New research from scientists at the University of Aberdeen has found that expanding global land area for conservation, a key approach to protecting biodiversity, could have an adverse impact on human health and food security in some parts of the world.
Published in Nature Sustainability, the study modelled the potential effects of ‘extreme’ conservation that excluded human activities and strictly protected 30% and 50% of the terrestrial land surface for biodiversity. The research, a collaboration between the University of Aberdeen, the University of Edinburgh, the International Institute for Applied Systems Analysis in Austria and Karlsruhe Institute of Technology in Germany found that when agriculture was displaced, global and regional food prices could increase, which in turn could affect food security and increase diseases associated with malnourishment.
According to the researchers, those living in developing regions are likely to be worst affected by reduced food security related to stringent area-based protection. Conversely, developed world regions are largely insulated from the negative effects.
The research was part of ‘The Resilience of the UK Food System in a Global Context’ programme that was launched in 2016 and concluded in December 2021. It was cross-council funded by UK Research and Innovation’s Biotechnology and Biological Sciences Research Council (BBSRC), Economic and Social Research Council (ESRC), Natural Environment Research Council (NERC) and the Scottish Government.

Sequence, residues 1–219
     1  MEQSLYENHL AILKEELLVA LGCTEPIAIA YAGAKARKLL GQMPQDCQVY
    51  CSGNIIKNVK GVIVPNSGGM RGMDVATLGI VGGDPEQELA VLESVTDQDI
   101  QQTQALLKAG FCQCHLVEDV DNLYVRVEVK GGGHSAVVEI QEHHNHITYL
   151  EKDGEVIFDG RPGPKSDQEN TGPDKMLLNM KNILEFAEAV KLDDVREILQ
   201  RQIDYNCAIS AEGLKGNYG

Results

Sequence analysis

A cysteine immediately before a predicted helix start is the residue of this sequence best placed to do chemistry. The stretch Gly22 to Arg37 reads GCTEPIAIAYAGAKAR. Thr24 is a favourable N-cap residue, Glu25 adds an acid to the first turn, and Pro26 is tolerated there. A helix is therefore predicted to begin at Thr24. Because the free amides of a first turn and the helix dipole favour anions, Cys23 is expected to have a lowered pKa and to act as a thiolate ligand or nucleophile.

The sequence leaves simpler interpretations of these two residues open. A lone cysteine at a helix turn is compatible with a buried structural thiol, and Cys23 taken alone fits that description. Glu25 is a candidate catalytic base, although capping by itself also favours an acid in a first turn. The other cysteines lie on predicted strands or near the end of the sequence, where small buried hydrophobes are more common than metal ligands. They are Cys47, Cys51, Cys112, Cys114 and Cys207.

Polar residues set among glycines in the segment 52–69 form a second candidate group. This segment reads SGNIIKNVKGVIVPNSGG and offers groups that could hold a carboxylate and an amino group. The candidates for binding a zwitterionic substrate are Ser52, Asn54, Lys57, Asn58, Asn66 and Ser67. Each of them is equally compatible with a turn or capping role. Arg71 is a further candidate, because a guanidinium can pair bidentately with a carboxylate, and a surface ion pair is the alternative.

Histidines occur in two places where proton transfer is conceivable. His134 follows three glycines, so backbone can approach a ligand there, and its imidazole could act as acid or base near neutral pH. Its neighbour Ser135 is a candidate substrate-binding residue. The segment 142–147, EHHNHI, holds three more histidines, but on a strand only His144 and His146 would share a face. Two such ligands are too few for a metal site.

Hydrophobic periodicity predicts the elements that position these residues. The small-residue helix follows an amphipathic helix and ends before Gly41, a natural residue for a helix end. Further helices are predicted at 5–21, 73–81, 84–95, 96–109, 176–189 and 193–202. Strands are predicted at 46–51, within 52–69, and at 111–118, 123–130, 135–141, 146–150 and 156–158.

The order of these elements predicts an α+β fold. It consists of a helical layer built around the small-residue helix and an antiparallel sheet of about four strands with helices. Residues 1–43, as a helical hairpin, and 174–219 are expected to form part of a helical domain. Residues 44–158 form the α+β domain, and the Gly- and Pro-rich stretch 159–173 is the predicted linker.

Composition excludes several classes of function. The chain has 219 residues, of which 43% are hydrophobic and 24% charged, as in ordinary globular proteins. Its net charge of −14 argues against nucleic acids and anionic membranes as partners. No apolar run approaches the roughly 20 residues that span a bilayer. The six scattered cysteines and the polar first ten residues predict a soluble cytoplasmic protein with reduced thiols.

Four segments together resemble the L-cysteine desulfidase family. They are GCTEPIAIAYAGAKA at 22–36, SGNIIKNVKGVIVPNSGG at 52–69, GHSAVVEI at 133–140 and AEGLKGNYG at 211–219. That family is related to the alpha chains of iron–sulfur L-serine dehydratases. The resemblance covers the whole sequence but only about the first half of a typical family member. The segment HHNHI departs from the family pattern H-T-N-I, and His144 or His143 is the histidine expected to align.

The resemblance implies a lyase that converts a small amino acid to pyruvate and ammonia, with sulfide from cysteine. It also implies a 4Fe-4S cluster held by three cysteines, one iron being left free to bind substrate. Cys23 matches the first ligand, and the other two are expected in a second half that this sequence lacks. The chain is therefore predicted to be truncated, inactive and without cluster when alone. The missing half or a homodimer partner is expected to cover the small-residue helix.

Lead researcher and author Dr Roslyn Henry, from the University of Aberdeen’s School of Biological Sciences, who carried out much of the research while at the University of Edinburgh, explains: “Area based conservation approaches are essential for achieving biodiversity targets. However, they will need to be implemented with care to ensure they do not compromise food security and human health goals, particularly in vulnerable world regions.
“Global area-based targets will require extending protected areas and restoring natural land. If this expansion restricts agriculture then the consequences may be felt in food production sectors with reduced food provisioning potentially compromising food security goals and human health, particularly in vulnerable regions.
“While our modelling study explores the extreme end of conservation measure our analysis provides insight into potential trade-offs between strict conservation measures and global human health. Quantifying such trade-offs and impacts can aid conservation planning and negotiations.”
Principal Investigator Dr Peter Alexander, Senior Lecturer at the University of Edinburgh, added: “This work is important for improving our understanding of how unintended consequences could potentially arise through competition for land. The global land use and food system is highly complex and globally connected, as well as currently increasingly under pressure to provide, for example, food and other materials, suitable habitats for biodiversity, and mitigation and adaption to climate change. Even well intended actions that focus on one outcome may create substantial problems in other aspects or locations.”